Execution is all about muscle memory, the more you repeat the motion the quicker and easier it becomes to perform.

Play the game you want to play, is much more enjoyable to learn a difficult game that you love than a easy one that you don’t really care about.

The hardest of them all I would say is keeping your composure during a game, I feel this is vastly enhanced by character/mechanics knowledge, when you freak out is because you don’t know what to expect or how to react to it when it happens.
Learning other characters and matchups to be able to experience first hand the strengths and weaknesses of each will make you feel more secure and relaxed as you have a set of tools at your disposal for each situation.

Watch tourneys, streams… anything that can give you a better insight on your character and ways s/he can be used effectively, it will help a lot in the long run and will save you insane amounts of time by not having to figure out everything by yourself.

Enjoy !


#7

Start with the games that you actually want to play. KI has an amazing roster and it has an amazing tutorial that starts off with teaching you the basics of fighting games but it will eventually move on to some KI only mechanics. Having 2 fighting games help. For example, play SFV and once you are frustrated with getting combo’d repeatedly, go to KI where combos are breakable. To learn how to do specials, go to training room and do the special 20 times on one side and 20 on the other side. If you mess up once. Start over. How to keep calm? Learn individual aspects one at a time. For example, work on anti-airs. Nothing else. Go online and don’t try to win. Just try to anti-air as well as possible. Do this for multiple things you want to do. Then combine them and you should be able to do them with composure. Of course, we all have salty and hype moments. As to where to start, learn controls. Once you can control your character, you synced up with them. From there, you are the character. Losses are your fault. Feel like you lost because of the character? Probably not the character for you. Find friends and try to surpass them. Always have water with you. It helps a lot.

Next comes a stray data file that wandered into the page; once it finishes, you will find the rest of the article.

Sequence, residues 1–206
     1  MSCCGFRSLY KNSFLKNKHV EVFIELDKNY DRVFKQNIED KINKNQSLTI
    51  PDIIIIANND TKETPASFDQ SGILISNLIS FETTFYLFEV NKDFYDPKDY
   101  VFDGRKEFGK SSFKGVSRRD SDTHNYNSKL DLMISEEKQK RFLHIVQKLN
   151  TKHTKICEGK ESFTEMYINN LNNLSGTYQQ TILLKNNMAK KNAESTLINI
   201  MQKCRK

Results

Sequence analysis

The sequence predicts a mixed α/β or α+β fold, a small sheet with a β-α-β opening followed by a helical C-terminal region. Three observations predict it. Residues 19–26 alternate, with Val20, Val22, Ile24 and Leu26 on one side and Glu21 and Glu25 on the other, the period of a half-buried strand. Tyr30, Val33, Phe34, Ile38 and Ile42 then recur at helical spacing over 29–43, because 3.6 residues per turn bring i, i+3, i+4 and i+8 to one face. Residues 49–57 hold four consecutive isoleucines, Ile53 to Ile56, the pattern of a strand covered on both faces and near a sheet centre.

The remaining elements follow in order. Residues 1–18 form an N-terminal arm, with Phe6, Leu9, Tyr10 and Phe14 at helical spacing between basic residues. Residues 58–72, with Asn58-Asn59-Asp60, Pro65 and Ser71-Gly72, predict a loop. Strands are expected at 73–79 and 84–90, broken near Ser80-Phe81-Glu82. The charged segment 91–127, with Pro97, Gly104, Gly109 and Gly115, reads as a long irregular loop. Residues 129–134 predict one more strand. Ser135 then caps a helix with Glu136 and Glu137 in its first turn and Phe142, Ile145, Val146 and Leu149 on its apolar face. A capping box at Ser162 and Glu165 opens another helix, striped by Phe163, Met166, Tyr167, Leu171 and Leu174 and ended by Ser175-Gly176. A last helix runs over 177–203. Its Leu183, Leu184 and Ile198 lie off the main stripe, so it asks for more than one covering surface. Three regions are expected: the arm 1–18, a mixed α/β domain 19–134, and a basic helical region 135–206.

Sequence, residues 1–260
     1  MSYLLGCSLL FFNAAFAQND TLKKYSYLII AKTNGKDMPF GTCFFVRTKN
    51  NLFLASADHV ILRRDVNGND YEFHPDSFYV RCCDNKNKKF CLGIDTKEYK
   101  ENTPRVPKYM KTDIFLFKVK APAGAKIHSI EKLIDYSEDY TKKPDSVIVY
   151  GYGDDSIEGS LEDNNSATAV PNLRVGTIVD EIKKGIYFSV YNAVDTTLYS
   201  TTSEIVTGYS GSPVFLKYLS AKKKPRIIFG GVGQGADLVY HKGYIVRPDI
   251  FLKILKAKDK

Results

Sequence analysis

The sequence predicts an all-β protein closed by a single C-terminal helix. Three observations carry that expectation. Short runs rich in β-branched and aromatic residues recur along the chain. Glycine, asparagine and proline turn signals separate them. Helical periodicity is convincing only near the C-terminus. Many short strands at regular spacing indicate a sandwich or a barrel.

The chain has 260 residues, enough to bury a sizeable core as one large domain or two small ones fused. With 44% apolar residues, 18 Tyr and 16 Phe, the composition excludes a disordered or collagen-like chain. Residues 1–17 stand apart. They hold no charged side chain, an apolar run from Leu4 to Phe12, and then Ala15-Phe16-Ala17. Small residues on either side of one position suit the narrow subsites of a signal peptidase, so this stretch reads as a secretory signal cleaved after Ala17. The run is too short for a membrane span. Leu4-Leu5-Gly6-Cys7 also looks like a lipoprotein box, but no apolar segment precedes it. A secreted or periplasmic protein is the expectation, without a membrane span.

#8

I would actually suggest to play whatever game is the most popular in your club, or if you are fortunate to have several games that are played a lot, to pick between them that you enjoy.

As you meet up and play with other people you will naturally feel the urge to get better and improve in whatever game you decided to pick.


#9

#10

I am terrible at muscle memory, so I only do 3 simple combos the entire match. I’m not very good. I’m ordering a stick soon.


#11

Have you tried playing stick before?
It’s not for everyone and doesn’t guarantee better execution or easier muscle memory